Cyber Officials Ask: How Do You Prove Cyber Protections Are Worth The Investment?
When your whole job is preventing attacks from happening, it can be hard to prove how effective you are.
It's difficult to prove to budget makers exactly how effective cybersecurity protections are, according to one federal cyber official.
The better the technology, the more attacks it will prevent, and intrusion prevention systems often collect data on the number of thwarted attacks. But what's the best way to communicate how many attacks an agency would have experienced without the technology, and how useful the system is in deterring attackers from making attempts in the first place?
At the Secret Service's Network Intrusion Program, securing funding is a major challenge, especially when higher-ups need to be persuaded a specific tool is concretely valuable, Program Manager Bernard Wilson said at the Government Thought Leadership Summit event in Washington on Tuesday.
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Disseminating information and training to the 225 agents within the program gets expensive, Wilson said.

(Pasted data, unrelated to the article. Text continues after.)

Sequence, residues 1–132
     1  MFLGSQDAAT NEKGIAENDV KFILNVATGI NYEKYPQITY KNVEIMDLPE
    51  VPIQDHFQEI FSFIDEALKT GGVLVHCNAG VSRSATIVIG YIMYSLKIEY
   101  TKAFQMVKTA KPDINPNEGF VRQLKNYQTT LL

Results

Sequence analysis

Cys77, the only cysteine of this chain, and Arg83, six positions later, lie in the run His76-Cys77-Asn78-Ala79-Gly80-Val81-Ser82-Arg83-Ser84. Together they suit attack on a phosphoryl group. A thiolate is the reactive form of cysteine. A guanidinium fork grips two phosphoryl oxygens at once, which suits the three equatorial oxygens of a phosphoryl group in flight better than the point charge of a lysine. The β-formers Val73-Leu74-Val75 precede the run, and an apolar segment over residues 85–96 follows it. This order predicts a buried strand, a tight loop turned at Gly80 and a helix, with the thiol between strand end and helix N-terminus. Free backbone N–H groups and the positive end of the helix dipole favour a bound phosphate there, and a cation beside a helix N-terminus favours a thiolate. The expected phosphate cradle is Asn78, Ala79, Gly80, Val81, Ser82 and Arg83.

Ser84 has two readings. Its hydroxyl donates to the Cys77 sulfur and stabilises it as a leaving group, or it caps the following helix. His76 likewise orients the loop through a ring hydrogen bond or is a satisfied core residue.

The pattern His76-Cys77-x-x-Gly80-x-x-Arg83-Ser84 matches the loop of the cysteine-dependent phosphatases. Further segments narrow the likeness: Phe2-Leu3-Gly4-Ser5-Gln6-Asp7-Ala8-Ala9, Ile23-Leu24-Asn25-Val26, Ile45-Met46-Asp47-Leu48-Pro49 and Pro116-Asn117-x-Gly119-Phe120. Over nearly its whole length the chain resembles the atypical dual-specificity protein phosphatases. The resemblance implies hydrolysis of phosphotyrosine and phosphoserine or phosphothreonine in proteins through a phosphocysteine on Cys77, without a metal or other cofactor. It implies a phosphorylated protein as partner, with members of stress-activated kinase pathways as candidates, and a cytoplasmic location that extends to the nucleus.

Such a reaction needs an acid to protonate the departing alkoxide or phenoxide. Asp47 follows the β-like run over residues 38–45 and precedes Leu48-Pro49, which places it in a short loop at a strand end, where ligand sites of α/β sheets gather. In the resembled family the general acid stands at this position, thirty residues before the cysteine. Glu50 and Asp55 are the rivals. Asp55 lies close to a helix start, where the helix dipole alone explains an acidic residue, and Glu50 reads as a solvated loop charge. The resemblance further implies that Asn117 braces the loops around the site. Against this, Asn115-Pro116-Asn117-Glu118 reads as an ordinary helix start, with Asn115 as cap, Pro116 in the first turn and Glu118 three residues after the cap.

"If we cannot show a return on investment that next fiscal year, I will not receive funding," he added.
The Network Intrusion Program often responds to completed attacks after the victims notify the task force, so the group has focused on using metrics to prove it reduces "dwell time"—the period of inaction following a documented intrusion that allows attackers to steal more information—after attacks.
"That's something we want to state before Congress," Wilson said.
At the Commerce Department, cyber officials are focused on providing security professionals with adequate prevention tools, but also acknowledging some attacks are inevitable and prioritizing the mitigation of those attacks, acting Chief Information Officer Rod Turk said.
Asked whether he'd consider planting fake cyberattacks to measure exactly how effective Commerce's protections are, Turk said he hadn't. Instead of taking that approach, which he likened to the Transportation Security Administration placing fake guns to evaluate how thorough its agents are, "we do want to provide tools [and] processes for our folks to give them a reasonable chance of being successful" at mitigating attacks, he said.